In two days, Ooty’s celebrated Nilgiri Library will be the setting for the seventh edition of the Ooty Literary Festival (OLF). The heritage building has been the venue for all the editions held this far, but as Kalpana Kar, co-trustee of the festival informs Lounge during this interview, the library has been revamped this year, courtesy the event.
“A heritage building which dates back to 1867, the library has received an uplift. The wood has been replaced and the floors have been polished,” she says before diving right into what's in store for festival audiences on 6-7 October.
An event that so far conjured an image of a cosy, unhurried get-together of book lovers and writers has also been reimagined on a bigger scale says co-trustee of the lit fest, Aroon Raman.
The lineup of speakers is in line with this. From literary stalwarts to business leaders, historians, poets, journalists and a sprinkling of film personalities, audiences can look forward to two days of engaging conversations. Anjum Katyal, Jerry Pinto, Sudha Murty, Anirudh Kanisetty, Dr Mukund Rajan, Capt. GR Gopinath, and Raja Krishnamoorthy are some of the participating speakers.
“We wanted it to be a balanced curation, one where we’d have speakers representing the yin and yang of every topic,” Kar says, about how they zeroed in on the speakers. “We chose speakers who’d be able to bring that topic together." As for the celebrities attending the fest — Javed Akhtar, Aamir Khan, Kalki Koechlin, Mansoor Khan and Honey Irani — Kar sounds pragmatic when she says, “We wanted some star appeal to be able to reach audiences.”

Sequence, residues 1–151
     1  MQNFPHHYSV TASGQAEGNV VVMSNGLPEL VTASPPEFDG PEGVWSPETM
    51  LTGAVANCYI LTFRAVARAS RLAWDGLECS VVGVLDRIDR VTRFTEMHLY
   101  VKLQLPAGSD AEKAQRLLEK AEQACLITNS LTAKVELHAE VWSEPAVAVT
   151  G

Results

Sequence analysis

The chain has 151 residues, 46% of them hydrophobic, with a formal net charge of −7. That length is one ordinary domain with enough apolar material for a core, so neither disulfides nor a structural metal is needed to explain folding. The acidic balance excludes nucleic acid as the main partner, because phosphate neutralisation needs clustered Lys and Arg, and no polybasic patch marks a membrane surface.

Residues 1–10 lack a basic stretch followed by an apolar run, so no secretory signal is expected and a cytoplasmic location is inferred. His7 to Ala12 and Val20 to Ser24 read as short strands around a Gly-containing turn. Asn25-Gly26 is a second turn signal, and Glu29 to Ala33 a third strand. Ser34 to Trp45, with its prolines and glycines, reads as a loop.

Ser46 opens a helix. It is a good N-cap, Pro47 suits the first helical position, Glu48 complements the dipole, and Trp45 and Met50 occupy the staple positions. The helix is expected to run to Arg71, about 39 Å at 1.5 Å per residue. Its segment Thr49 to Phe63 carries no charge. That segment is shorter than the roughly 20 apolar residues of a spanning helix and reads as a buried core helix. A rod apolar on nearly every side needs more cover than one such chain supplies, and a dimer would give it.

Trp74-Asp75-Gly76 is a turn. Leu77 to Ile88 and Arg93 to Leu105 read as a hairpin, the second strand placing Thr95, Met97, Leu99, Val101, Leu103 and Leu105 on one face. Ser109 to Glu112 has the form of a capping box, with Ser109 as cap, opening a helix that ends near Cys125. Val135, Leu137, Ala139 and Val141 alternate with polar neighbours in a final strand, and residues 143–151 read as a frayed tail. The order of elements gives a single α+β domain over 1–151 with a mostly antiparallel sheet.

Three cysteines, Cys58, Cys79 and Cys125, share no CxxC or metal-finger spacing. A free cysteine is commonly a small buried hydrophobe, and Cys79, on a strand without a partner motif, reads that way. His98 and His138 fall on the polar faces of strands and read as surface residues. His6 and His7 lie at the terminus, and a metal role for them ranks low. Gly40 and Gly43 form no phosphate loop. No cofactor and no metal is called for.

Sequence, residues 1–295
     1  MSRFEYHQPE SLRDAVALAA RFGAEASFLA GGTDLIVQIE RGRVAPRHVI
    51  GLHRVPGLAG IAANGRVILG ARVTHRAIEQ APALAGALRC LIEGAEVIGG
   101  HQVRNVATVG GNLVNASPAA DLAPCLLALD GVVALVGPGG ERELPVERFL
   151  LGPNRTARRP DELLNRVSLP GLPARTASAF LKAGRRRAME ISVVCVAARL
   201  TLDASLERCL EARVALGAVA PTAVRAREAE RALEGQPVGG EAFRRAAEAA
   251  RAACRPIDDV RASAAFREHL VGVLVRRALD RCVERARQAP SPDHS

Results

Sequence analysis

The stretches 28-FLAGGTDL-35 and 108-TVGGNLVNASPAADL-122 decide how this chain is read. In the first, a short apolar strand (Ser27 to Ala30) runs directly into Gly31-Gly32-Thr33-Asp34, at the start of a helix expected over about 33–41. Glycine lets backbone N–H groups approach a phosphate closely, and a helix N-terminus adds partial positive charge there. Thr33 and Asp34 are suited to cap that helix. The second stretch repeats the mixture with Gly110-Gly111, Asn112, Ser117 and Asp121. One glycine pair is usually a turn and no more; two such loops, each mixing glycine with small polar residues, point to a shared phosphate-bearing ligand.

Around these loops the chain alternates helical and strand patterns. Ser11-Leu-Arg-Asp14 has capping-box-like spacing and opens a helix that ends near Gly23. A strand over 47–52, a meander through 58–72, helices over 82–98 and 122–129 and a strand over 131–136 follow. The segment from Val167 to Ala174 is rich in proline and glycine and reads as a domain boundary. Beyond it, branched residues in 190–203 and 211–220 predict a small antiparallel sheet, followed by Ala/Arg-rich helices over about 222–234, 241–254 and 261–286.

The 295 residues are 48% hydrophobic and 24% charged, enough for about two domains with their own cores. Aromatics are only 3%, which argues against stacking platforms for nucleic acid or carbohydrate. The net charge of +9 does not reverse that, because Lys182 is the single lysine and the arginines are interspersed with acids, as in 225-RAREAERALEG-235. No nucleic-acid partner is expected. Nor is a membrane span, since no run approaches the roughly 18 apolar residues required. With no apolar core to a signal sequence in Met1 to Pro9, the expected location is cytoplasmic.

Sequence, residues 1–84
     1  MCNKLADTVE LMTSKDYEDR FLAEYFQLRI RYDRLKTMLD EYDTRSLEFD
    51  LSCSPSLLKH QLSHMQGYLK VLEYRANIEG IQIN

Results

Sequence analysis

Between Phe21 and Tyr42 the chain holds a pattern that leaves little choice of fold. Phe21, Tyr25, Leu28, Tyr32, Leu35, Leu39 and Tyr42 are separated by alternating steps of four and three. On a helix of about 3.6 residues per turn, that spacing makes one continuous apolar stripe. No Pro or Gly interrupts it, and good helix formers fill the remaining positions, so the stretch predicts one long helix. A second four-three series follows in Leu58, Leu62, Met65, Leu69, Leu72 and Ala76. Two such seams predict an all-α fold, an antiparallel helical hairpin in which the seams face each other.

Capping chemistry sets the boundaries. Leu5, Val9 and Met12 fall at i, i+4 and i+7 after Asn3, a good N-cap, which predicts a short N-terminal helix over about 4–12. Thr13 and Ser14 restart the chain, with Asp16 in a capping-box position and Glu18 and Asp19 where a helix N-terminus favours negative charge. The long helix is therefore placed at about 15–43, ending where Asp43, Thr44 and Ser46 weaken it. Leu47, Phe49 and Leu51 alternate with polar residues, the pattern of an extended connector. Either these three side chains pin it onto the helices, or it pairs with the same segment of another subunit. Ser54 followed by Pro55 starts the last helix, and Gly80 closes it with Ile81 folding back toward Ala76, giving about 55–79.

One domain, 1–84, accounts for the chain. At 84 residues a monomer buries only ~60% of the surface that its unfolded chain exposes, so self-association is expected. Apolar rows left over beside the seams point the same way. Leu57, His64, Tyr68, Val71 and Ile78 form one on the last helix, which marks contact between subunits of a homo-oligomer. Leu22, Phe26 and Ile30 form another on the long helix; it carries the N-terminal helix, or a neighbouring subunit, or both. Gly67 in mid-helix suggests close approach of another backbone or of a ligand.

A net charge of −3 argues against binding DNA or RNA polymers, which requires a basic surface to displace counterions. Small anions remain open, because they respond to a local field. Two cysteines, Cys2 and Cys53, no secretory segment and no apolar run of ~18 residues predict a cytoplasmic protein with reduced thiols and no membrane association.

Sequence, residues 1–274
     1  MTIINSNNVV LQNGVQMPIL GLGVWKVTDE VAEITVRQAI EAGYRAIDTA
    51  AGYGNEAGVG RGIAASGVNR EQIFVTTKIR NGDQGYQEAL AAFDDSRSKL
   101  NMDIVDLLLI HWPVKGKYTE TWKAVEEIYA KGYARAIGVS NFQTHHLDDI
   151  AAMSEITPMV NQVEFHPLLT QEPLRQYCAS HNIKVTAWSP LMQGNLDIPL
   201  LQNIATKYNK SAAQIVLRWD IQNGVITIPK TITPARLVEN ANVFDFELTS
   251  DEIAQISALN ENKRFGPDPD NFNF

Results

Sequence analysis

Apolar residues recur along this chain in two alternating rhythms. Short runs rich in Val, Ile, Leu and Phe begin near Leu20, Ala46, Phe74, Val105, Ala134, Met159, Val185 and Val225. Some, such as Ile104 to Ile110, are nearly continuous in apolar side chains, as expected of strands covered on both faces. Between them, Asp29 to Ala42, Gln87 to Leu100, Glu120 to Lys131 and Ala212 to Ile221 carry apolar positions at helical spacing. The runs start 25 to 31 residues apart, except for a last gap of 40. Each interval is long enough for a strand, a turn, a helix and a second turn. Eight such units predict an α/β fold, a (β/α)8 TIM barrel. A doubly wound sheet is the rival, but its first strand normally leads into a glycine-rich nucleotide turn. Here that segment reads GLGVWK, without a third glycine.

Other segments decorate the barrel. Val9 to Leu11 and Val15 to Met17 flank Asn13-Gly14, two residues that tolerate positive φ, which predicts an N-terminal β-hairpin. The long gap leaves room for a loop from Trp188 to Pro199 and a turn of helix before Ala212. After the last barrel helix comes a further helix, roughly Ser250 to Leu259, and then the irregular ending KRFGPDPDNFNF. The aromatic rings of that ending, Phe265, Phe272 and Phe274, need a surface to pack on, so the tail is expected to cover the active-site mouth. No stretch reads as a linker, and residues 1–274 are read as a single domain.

On day one, eminent Tamil writer Perumal Murugan will be awarded the Ooty Literature Festival’s Lifetime Achievement Award. “This time for the bicentennial, we wanted the awardee to be a Tamil literary figure and there’s no one better than Perumal Murugan to fit that bill,” she says about the nomination.
According to Raman, their attempt was to showcase “different genres in a kind of 360 degree coverage of subjects of relevance.” He is particularly excited by the panels on conservation and gender and identity. A panel titled ‘Is Indian Conservation at a Crossroad?’, to be held on 6 October, for instance, features Dr. Mahesh Rangarajan, Dr. Shankar Raman and Suprabha Seshan in conversation with Rohini Nilekani on the challenges and pathways for the conservation movement in India and the Nilgiris. Three panels on gender and identity will feature speakers like Parmesh Shahani, Apsara Reddy and Srilata Batliwala.
Young minds, music, and more
The festival has an entire schedule dedicated to youngsters on both days. Called Igniting Minds, it will have 500 students, including participation from tribal and government schools, participating on both days. On the second day, “the sessions…will be entirely in Tamil,” Kar says.
The literary festival’s wider scope has also translated into the addition of a photography exhibition and music performances on both days. The photography exhibition, titled Remembering & Reimagining, has been curated by writer Jenny Pinto and features an extensive collection of photos spanning 200 years that document the social, ecological and cultural history of the Nilgiris. An exhibition of illustrations by eminent artist Paul Fernandes, called An Artist Recreates the Magic of Ooty, will also be on display.
Additionally, “people who have a dotted line connection to the Nilgiris are coming together to create music in the hills on both days,” says Kar. This includes bands like Moon Arra, Rajeev Raja Combine, The Sami Sisters and Unwind and soloists like Sulaiman Jamal, Ivan Enos and Rear Admiral Nirmala Kannan.
While the work of putting the lit fest entailed a few challenges, Kar signs off by saying that her takeaway from the entire experience has been finding that Ooty is “a committed town that rises to the occasion with great enthusiasm.”